Lightseekers by Femi Kayode

My grateful thanks to Laura Mayer  at Bloomsbury for sending me a copy of Lightseekers by Femi Kayode in return for an honest review. I’m delighted to share that review today.

Lightseekers was published by Blomsbury imprint Raven Books on 4th February 2021 and is available for purchase through the links here.


Three young students are brutally murdered in a Nigerian university town, their killings – and their killers – caught on social media. The world knows who murdered them; what no one knows is why.

As the legal trial begins, investigative psychologist Philip Taiwo is contacted by the father of one of the boys, desperate for some answers to his son’s murder. Philip is an expert in crowd behaviour and violence but travelling to the sleepy university town that bore witness to the killings, he soon feels dramatically out of his depth.

Years spent first studying, then living in the US with his wife and children mean he is unfamiliar with many Nigerian customs and no one involved in the case seems willing to speak out.

The more Philip digs, and the more people he meets with a connection to the case, the more he begins to realise that there is something very wrong concealed somewhere in this community.

My Review of Lightseekers

Philip is doing his father a favour.

Lightseekers opens in dramatic fashion and draws in the reader immediately. I actually found it quite an uncomfortable read because it is such a compelling and horrifying narrative that is far too close to the truth to be read as pure entertainment without affecting the reader. I thought it was excellent.

Lightseekers uncovers layers of corruption and racism at every level. It isn’t just the rotten state of racist or xenophobic views and actions between nations that Femi Kayode makes terrifyingly clear, but those within nations and neighbours too. This seam of discomfort runs from student cults, through so-called state institutions like the police, and right to every individual. Add in the impact of the internet, hearsay and rumour and Lightseekers has all the ingredients of a first class thriller. Femi Kayode’s professional background in psychology shines through. He writes with elegant authority that is completely convincing, making the reader terrifyingly aware that shining a light also casts some very dark shadows. There’s very much a feeling of being part of the investigation with Philip and Chika and an unnerving sense of threat and menace permeates every page. The frequently dramatic final sentences of chapters compel the reader onwards too.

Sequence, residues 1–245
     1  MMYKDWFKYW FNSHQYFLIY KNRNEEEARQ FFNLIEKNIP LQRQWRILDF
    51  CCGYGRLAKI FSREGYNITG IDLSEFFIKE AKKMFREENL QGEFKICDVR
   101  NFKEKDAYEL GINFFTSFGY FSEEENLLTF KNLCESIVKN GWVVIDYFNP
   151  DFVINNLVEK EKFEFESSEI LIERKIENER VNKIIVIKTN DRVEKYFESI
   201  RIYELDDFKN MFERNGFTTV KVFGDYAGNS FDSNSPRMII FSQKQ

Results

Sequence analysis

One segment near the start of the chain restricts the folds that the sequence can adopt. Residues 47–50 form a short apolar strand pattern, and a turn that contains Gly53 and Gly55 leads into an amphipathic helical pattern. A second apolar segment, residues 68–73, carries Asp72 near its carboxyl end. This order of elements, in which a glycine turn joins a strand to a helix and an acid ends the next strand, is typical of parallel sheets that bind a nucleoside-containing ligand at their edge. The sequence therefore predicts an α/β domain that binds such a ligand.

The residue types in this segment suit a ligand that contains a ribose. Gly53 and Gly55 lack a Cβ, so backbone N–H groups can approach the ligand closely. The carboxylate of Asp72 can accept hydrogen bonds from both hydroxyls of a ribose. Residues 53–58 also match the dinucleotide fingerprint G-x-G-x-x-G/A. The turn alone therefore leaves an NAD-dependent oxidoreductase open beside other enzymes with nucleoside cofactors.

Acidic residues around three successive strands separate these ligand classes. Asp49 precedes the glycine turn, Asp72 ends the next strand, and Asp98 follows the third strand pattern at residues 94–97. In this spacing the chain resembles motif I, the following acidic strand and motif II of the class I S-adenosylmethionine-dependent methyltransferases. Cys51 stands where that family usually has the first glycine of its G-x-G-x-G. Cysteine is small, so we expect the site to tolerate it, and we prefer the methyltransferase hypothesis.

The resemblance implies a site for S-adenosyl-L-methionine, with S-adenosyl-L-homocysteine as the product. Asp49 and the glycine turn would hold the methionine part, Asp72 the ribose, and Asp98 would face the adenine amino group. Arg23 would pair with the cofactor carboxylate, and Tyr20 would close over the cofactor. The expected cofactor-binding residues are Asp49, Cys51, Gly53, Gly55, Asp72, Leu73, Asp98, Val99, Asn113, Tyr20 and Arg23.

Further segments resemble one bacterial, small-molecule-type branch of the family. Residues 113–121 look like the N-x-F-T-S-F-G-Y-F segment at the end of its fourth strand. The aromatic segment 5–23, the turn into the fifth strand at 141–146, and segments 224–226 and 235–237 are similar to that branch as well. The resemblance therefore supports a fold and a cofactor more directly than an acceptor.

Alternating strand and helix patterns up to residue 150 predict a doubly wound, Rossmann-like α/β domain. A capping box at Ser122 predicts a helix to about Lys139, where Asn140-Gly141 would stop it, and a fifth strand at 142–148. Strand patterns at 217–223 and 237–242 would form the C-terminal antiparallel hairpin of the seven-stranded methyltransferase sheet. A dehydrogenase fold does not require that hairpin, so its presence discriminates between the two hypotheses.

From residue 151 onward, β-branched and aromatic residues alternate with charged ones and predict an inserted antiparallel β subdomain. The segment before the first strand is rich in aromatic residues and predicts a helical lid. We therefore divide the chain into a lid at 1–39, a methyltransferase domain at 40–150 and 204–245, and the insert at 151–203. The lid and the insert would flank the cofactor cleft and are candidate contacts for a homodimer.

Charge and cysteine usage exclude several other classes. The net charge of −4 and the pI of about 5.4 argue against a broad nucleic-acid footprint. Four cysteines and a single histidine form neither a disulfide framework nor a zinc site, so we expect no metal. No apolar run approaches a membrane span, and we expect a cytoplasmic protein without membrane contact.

Indeed, Lightseekers is a difficult read in as much as the author leaves the reader questioning where they themselves fit in a corrupt world. Philip is investigating three brutal murders and meets barriers of obstruction and corruption at every turn, and whilst he is the positive protagonist, he isn’t above dubious and underhand tactics to get to the truth. This makes Philip fascinating. His family dynamics, his sense of displacement, his desire for approval and truth all blend into a complex and intriguing person I though seemed vivid and real.

The plot is a corker. Quieter moments with conversations between Philip an Chika balance the more dynamic aspects so that there is even more light and shade to enjoy. A smattering of recognisable real people and cult names add to the authenticity. In fact, so convincing was Lightseekers’ narrative that I did some research into Nigerian University cults and discovered that Femi Kayode’s captivating story is more firmly rooted in factual research than I might have liked, because I didn’t want to believe some of the actions could happen. As a result, I found this story even more disturbing and intelligently written. It also made me appreciate the consummate skill of the author in blending fact and fiction in order to present an utterly captivating story.

Lightseekers is a brilliant start to a new series that I found totally compelling. I want to know more about Philip and his relationship with Folake and I’m hoping Chika will make further appearances too. If you’re looking for a thriller with a new perspective, Lightseekers has it all. Don’t miss it.

About Femi Kayode

Femi Kayode trained as a clinical psychologist in Nigeria, before starting a career in advertising. He has created and written several prime-time TV shows. He recently graduated with a distinction from the UEA Creative Writing programme and is currently a PhD candidate at Bath Spa University. Femi won the UEA/Little, Brown Award for Lightseekers when he was still writing the novel. He lives in Windhoek, Namibia with his wife and two sons.

You can follow Femi on Twitter @FemiKay_Author.

6 thoughts on “Lightseekers by Femi Kayode

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